We don't think this is a great option for vinyl newcomers as it requires more knowledge to set up properly than the entry-level turntables on this list (try the Audio-Technica model in number two instead). But if you’re ready to take your record collecting and listening to the next level, the Marantz TT-15S1 is the perfect companion. We summed this up well in our review when we wrote: "Taken as a whole, the Marantz offers budding audiophiles the chance to chase higher fidelity without having to buy a turntable that costs as much as a car."
Read our full Marantz TT-15S1 review
If the Clearaudio Concept and Marantz TT-15S1 seem similar, that’s because the Marantz was built by Clearaudio to Marantz’s specifications. That means everything about the excellent build quality of the Marantz carries over to the Clearaudio Concept, so this this is a turntable that is as gorgeous as it sounds.
During our testing we found that one small but notable difference between the Marantz and the Clearaudio turntables is the ability to play 78 rpm records. While most people will never come across 78s, it’s nice to know that the Clearaudio Concept is capable of playing them if you decide to explore older records. The Concept also has a handy speed dial on the plinth, so you don’t have to swap the belt position manually.
In our tests of the Clearaudio Concept we didn't encounter any notable flaws. In our review, we wrote: "Clearaudio's combination of audio and aesthetic design has produced a winning combination here which we feel sure will both win converts and keep them devoted to the analogue cause." Yes, it’s expensive but you’re still getting a bargain in this price range. The included Clearaudio Concept moving-coil cartridge costs $1,000 by itself. Yep!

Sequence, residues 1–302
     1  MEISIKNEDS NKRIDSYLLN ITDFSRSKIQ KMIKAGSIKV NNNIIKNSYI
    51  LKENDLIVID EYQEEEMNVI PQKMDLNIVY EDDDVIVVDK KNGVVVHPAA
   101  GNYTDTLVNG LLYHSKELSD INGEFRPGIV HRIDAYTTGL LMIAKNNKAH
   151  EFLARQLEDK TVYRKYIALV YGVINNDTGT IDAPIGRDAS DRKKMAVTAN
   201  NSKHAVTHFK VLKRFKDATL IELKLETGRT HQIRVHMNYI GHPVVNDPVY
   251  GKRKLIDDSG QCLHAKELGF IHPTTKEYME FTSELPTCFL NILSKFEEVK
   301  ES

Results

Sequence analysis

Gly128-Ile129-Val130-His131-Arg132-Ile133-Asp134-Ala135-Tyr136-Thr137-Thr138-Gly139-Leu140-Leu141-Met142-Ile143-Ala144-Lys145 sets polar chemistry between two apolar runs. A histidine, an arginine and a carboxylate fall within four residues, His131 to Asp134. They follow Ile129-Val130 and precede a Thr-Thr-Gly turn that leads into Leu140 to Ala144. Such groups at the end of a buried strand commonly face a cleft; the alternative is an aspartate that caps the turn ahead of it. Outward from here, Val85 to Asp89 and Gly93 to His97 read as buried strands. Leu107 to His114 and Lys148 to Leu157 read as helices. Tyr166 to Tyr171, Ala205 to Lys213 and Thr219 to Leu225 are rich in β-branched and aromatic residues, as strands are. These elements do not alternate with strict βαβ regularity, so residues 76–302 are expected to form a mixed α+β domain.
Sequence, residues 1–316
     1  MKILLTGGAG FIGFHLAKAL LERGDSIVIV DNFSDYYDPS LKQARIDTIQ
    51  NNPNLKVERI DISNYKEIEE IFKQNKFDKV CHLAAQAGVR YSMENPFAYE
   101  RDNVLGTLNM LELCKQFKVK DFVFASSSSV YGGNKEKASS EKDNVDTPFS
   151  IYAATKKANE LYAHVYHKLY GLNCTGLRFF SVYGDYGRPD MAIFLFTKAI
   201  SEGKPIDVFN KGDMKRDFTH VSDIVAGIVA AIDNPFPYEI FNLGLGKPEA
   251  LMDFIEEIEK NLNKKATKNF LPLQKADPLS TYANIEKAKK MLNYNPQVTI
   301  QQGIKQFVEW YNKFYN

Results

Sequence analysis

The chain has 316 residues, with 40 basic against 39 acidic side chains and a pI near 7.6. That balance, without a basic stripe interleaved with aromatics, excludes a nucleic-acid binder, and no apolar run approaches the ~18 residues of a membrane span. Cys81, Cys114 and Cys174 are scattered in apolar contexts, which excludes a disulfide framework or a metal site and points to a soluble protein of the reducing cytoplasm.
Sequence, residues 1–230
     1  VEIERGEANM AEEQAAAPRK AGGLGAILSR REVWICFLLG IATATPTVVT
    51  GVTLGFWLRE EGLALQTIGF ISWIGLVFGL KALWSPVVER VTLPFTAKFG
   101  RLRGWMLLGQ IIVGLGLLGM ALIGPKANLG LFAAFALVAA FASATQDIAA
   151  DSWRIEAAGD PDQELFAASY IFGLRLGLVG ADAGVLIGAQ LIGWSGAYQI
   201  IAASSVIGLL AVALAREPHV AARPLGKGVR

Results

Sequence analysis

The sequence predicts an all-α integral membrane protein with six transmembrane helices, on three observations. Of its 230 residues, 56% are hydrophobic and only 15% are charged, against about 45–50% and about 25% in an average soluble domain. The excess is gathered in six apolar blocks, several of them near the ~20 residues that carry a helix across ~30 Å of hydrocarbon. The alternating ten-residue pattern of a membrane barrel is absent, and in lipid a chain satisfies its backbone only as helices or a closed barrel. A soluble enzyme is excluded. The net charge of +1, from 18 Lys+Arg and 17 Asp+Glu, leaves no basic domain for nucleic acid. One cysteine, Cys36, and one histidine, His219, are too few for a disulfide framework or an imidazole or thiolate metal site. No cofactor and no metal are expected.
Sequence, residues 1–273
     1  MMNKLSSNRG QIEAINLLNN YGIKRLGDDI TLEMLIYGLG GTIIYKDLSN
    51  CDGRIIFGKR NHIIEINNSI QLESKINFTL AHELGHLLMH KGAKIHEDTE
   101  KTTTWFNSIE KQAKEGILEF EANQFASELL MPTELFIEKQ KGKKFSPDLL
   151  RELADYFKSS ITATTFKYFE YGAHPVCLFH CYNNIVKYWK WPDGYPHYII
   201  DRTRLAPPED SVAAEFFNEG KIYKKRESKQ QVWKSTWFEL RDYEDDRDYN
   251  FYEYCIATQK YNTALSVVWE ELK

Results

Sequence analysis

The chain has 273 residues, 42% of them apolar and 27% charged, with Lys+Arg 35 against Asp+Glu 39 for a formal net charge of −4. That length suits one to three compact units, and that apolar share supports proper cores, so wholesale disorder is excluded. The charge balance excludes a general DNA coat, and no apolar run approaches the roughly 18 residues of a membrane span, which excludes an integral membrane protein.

Read our full Clearaudio Concept review
Say hello to the budget-friendly Technics SL. This SL-1500C will only set you back £899 / $999 / AU$2499. It may not be the most affordable turntable on the market, but it's the first reborn Technics to really remind us of why we, and so many DJs, fell in love with the brand in the first place.
User-friendly and as painless as possible, the SL-1500C stands on four hefty rubberized feet with a lot of articulation. A switchable phono stage proves useful along with a switchable auto-stop feature – we've gone into great detail about these in our extensive review.
During our testing, we found that sound-staging is really impressive here, with recordings given plenty of elbow room for individual instruments to make their presence felt at all times. There’s depth and height to the Technics’ stage as well as width, and the sound is consistently compelling.
In our review, we wrote: "This isn’t the most out-and-out accomplished turntable you can buy in purely sonic terms, but it’s not far off - and it’s more robustly made, better specified and has greater cachet than any price-comparable alternative. "